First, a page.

Aylward made no answer, but Alan felt that if wishes could kill him he would not live long. His eye fell upon a long, unmistakable mound of fresh earth, beneath a tree. He calculated its length, and with a thrill of terror noticed that it was too small for a negro.

"Who is buried there?" he asked.

"Find out for yourself," was the sneering answer.

"Don't be afraid, Lord Aylward; I shall find out everything in time."

The conversation between Jeekie and the natives proceeded, their heads were close together; it grew animated. They seemed to be coming to some decision. Presently one of them ran and cut the lashings of the man who had been bound to the tree, and he staggered towards them and joined in the talk, pointing to his wounds. Then the two fellows who had been engaged in flogging him, accompanied by eight companions of the same type--they appeared to be soldiers, for they carried guns--swaggered towards the group who were being addressed by Jeekie, of whom Alan counted twenty-three. As they approached Jeekie made some suggestion which, after one hesitating moment, the others seemed to accept, for they nodded their heads and separated out a little.

Jeekie stepped forward and asked a question of the guards, to which they replied with a derisive shout. Then without a word of warning he lifted Aylward's express rifle which he carried, and fired first one barrel and then the other, shooting the two leading soldiers dead. Their companions halted amazed, but before they could lift their guns, Jeekie and those with him rushed at them and began stabbing them with spears and striking them with sticks. In three minutes it was over without another shot being fired. Most of them were despatched, and the others, throwing down their guns, had fled wounded into the forest.

Now, shouting in jubilation, some of the men began to drag away the dead bodies, while others collected the rifles and the remainder, headed by Jeekie, advanced towards Alan and Aylward, waving their red spears. Alan stood staring, for he did not in the least understand the meaning of what had happened, but Aylward, who had turned very pale, addressed Jeekie, saying:

"I suppose that you have come to murder me also, you black villain."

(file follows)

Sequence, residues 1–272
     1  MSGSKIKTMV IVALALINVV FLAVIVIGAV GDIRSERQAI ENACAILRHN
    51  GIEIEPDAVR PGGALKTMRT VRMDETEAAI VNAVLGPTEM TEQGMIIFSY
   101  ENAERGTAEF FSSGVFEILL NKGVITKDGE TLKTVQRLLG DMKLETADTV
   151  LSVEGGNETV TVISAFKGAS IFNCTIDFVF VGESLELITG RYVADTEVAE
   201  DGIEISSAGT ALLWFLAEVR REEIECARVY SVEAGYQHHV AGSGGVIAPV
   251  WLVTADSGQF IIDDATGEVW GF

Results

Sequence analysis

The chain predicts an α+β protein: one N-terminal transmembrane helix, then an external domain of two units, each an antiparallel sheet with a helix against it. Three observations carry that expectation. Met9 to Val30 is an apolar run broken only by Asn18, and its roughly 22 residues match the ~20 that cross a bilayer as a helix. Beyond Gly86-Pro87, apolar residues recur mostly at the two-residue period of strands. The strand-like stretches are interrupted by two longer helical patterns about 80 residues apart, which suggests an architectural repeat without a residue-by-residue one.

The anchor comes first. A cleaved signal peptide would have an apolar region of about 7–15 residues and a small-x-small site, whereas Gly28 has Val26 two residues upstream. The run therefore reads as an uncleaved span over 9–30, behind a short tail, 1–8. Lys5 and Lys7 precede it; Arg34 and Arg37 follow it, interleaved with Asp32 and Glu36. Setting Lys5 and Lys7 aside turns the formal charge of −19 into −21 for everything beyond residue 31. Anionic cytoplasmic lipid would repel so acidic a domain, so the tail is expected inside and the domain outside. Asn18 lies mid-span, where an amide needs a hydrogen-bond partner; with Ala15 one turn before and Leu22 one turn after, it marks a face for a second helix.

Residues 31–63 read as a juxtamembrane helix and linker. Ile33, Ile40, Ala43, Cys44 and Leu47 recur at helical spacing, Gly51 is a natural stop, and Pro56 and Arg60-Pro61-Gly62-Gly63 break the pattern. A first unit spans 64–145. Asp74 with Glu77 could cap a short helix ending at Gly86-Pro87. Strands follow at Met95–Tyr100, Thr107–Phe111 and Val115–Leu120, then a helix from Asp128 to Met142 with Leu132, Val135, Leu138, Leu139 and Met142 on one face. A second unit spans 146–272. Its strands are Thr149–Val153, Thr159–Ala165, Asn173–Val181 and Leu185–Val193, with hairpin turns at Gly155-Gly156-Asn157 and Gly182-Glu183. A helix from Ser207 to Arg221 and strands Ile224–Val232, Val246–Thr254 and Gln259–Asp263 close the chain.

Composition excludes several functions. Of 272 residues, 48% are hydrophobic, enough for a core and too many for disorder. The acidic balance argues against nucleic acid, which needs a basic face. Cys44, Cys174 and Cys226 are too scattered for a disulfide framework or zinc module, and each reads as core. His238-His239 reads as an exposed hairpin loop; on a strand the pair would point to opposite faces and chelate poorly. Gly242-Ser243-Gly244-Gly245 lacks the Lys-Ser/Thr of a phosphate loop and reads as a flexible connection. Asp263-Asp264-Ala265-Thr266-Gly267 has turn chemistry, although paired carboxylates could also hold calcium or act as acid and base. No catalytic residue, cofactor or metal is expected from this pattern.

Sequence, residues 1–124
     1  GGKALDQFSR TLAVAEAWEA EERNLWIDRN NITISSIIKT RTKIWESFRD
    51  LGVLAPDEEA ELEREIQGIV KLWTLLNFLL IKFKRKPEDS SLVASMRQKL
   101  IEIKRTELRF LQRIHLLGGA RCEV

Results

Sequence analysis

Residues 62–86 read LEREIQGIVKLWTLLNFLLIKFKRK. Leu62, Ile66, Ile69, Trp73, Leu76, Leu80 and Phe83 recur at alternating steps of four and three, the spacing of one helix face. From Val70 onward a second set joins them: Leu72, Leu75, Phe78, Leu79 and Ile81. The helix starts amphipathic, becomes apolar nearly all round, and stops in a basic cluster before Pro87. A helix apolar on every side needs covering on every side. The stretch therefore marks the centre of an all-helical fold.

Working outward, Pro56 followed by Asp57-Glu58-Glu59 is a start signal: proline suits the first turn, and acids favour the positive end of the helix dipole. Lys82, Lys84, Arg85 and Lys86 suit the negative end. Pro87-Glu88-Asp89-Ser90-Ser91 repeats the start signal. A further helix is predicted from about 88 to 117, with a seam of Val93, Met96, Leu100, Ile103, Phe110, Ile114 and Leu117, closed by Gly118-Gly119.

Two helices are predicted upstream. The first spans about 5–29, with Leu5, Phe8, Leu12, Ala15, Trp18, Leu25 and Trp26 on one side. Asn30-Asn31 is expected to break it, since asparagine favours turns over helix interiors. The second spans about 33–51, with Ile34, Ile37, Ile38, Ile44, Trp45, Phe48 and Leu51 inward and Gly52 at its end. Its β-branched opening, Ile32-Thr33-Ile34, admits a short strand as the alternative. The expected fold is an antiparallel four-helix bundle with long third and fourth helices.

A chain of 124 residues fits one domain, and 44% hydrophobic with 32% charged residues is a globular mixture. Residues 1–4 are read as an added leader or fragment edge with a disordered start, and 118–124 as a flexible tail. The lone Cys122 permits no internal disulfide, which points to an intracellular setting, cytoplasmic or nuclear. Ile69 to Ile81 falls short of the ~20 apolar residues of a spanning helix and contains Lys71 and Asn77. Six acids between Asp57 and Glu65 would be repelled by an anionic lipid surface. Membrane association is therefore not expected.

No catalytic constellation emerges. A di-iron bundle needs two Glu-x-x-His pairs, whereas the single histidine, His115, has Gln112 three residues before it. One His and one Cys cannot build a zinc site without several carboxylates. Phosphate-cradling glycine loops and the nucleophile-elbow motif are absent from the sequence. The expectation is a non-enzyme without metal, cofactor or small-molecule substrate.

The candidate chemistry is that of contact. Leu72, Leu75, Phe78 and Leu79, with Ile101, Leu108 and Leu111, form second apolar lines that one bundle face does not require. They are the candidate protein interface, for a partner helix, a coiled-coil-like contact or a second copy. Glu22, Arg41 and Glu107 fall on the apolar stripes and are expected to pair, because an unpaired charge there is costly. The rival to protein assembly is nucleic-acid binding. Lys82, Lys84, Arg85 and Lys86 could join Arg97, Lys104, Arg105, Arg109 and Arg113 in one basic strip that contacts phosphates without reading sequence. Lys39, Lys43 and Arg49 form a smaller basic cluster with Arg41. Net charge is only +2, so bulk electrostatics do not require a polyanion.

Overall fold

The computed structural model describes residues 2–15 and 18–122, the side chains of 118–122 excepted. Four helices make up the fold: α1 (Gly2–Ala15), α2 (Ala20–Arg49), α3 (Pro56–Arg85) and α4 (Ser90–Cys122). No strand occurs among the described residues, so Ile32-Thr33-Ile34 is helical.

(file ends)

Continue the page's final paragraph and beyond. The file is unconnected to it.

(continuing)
"No, no, my Lord," answered Jeekie politely, "not at present. Also that wrong word, execute, not murder, just what you do to some of these poor devils," and he pointed to the mob of porters. "Besides, mustn't kill holy white man, poor black chap don't matter, plenty more where he come from. Think we all go see Miss Barbara now. You come too, my Lord Bart., but p'raps best tie your hands behind you first; if you want scratch head, I do it for you. That only fair, you scratch mine this morning."

Then at a word from Jeekie some of the natives sprang on Aylward and tied his hands behind his back.

"Is Miss Barbara alive?" said Alan to Jeekie in an agonized whisper, at the same time nodding towards the grave that was so ominously short.

"Hope so, think so, these cards say so, but God He know alone," answered Jeekie. "Go and look, that best way to find out."

So they advanced into the camp through a narrow gateway made of a V-shaped piece of wood, to where the two tents were placed in its inner division. Of these tents, the first, was open, whereas the second was closed. As the open tent was obviously empty, they went to the second, whereof Jeekie began to loosen the lashings of the flap. It was a long business, for they seemed to have been carefully knotted inside; indeed at last, growing impatient, Jeekie cut the cord, using the curved knife with which the Mungana had tried to kill Alan.

Meanwhile Alan was suffering torments, being convinced that Barbara was dead and buried in that new-made grave beneath the trees. He could not speak, he could scarcely stand, and yet a picture began to form in his numb mind. He saw himself seated in the dark in the Treasure-house at Bonsa-Town; he saw a vision in the air before him.

Lo! the tent door opened and that vision reappeared.

There was the pale Barbara seated, weeping. There again, as he entered she sprang up and snatching the pistol that lay beside her, turned it to her breast. Then she perceived him and the pistol sank downwards till from her relaxed hand it dropped to the ground. She threw up her arms and without a sound fell backwards, or would have fallen, had he not caught her.